Scott Steedman, director-general of standards at BSI, said: “We are delighted to announce the launch of three new standards, published as part of BSI’s Built Environment Competence Standards (BECS) programme, to provide an agreed, common approach for industry to embed building safety competence for design, construction and building management at a senior level.

“This is a major step forward which has the potential to support real change in the industry understanding of building safety in the years and decades ahead.”

Steve Coppin, chair of CIOB’s health and safety special interest group, said: “This is an opportunity for all construction professionals to benchmark and reflect based upon their individual and corporate roles against the criteria stated in the competence frameworks and competence requirements.

“It is extremely important to realise that those who specify, or change the bill of quantities, or change the design specification, will also be deemed as a designer.

“However, I am surprised there is still no independent body being set up, via the Department for Levelling Up, Housing and Communities (DLUHC) or the Building Safety Regulator (BSR) to ensure there is consistency in third party accreditation for the roles of principal designer and principal contractor.”

Steering Groups include:

PAS 8671

  • Aecom
  • Allies and Morrison
  • Architects Registration Board
  • Association for Project Safety
  • Chartered Institute for Architectural Technologists
  • Chartered Institute of Building
  • Department for Levelling Up, Housing and Communities
  • Edinburgh Napier University
  • Health and Safety Executive
  • Institution of Fire Engineers
  • Institution of Occupational Safety and Health
  • Institution of Structural Engineers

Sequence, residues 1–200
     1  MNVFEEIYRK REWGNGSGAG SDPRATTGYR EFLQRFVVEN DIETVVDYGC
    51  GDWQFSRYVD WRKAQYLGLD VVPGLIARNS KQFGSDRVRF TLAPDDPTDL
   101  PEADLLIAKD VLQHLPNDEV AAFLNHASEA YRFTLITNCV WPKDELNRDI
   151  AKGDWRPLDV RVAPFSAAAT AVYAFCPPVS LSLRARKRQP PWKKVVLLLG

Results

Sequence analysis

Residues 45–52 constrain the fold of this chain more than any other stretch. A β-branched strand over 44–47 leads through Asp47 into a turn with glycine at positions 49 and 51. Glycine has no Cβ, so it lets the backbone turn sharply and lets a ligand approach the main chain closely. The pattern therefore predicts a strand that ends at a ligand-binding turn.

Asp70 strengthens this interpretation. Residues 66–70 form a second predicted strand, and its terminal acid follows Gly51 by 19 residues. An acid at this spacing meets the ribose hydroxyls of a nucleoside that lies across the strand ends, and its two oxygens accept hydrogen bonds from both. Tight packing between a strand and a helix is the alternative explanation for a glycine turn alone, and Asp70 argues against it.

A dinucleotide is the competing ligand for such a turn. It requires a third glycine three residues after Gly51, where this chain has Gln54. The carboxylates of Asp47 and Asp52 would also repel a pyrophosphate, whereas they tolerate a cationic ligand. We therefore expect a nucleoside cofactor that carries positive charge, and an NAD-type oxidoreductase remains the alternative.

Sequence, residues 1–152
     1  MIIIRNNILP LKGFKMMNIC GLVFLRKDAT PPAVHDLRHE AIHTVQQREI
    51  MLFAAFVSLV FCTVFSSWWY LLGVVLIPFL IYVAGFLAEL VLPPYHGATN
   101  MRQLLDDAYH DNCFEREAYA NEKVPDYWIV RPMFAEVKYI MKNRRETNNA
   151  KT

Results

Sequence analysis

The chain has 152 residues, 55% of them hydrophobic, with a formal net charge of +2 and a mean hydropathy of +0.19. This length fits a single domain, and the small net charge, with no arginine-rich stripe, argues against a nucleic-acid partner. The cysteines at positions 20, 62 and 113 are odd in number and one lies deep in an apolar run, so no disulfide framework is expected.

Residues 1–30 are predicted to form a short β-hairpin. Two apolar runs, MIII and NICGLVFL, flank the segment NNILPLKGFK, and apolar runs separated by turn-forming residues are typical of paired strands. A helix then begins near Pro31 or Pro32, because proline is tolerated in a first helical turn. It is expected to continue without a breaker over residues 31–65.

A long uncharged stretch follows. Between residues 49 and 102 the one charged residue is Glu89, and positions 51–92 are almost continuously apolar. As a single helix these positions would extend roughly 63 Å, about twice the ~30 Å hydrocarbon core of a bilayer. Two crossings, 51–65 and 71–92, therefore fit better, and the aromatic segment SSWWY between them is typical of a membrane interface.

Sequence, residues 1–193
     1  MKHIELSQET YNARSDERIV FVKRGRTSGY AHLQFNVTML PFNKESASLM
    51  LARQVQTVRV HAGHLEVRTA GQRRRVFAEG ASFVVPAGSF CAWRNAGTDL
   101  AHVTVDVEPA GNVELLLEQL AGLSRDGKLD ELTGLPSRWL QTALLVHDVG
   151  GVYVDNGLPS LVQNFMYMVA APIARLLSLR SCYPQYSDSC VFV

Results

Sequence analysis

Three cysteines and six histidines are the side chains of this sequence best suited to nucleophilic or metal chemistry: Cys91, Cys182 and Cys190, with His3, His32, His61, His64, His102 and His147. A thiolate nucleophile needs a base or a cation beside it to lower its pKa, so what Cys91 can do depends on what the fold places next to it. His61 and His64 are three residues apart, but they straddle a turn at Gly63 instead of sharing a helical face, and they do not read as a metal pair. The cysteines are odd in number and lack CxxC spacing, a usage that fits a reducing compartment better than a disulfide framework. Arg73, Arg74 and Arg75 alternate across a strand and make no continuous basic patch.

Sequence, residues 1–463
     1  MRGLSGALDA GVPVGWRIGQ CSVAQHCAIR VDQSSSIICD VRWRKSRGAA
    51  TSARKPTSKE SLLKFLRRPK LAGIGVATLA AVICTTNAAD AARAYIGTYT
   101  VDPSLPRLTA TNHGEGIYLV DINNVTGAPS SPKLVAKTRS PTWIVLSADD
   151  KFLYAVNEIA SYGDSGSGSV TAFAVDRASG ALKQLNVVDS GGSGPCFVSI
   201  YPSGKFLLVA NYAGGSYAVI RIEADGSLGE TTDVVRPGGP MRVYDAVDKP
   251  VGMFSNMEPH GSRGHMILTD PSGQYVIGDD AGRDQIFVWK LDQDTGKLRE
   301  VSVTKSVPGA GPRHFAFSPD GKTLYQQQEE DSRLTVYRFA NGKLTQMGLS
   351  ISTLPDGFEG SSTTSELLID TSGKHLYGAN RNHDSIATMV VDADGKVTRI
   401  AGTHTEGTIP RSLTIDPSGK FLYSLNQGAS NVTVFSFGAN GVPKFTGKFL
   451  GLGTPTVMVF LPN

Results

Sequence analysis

• Local Authority Building Control
  • L&Q group
  • National Fire Chiefs Council
  • Royal Incorporation of Architects in Scotland
  • Royal Institute of British Architects
  • Royal Institution of Chartered Surveyors
  • The Royal Society of Ulster Architects (Northern Ireland)

PAS 8672

  • British Approvals for Fire Equipment (BAFE)
  • Chartered Institute of Building (CIOB)
  • Construction Industry Training Board (CITB)
  • Department for Levelling Up, Housing and Communities (DLUHC)
  • Engineering Council
  • Federation of Master Builders (FMB)
  • Fire Sector Federation
  • Health and Safety Executive (HSE)
  • Institute of Clerks of Works and Construction Inspectorate (ICWCI)
  • Kier Group
  • Loughborough University
  • Royal Institute of British Architects (RIBA)
  • Sir Robert McAlpine
  • Vistry Partnerships
  • Wates Group  

PAS 8673

  • Association of Residential Managing Agents
  • British Property Federation
  • Chartered Institute of Building
  • Construction Products Association
  • Consumer and Public Interest Network
  • Department for Levelling Up, Housing and Communities
  • Engineering Council
  • Health and Safety Executive
  • Institute of Residential Property Management
  • Institute of Workplace and Facilities Management
  • Institution of Occupational Safety and Health
  • Local Government Association
  • National Fire Chiefs Council
  • National Housing Federation
  • Royal Institution of Chartered Surveyors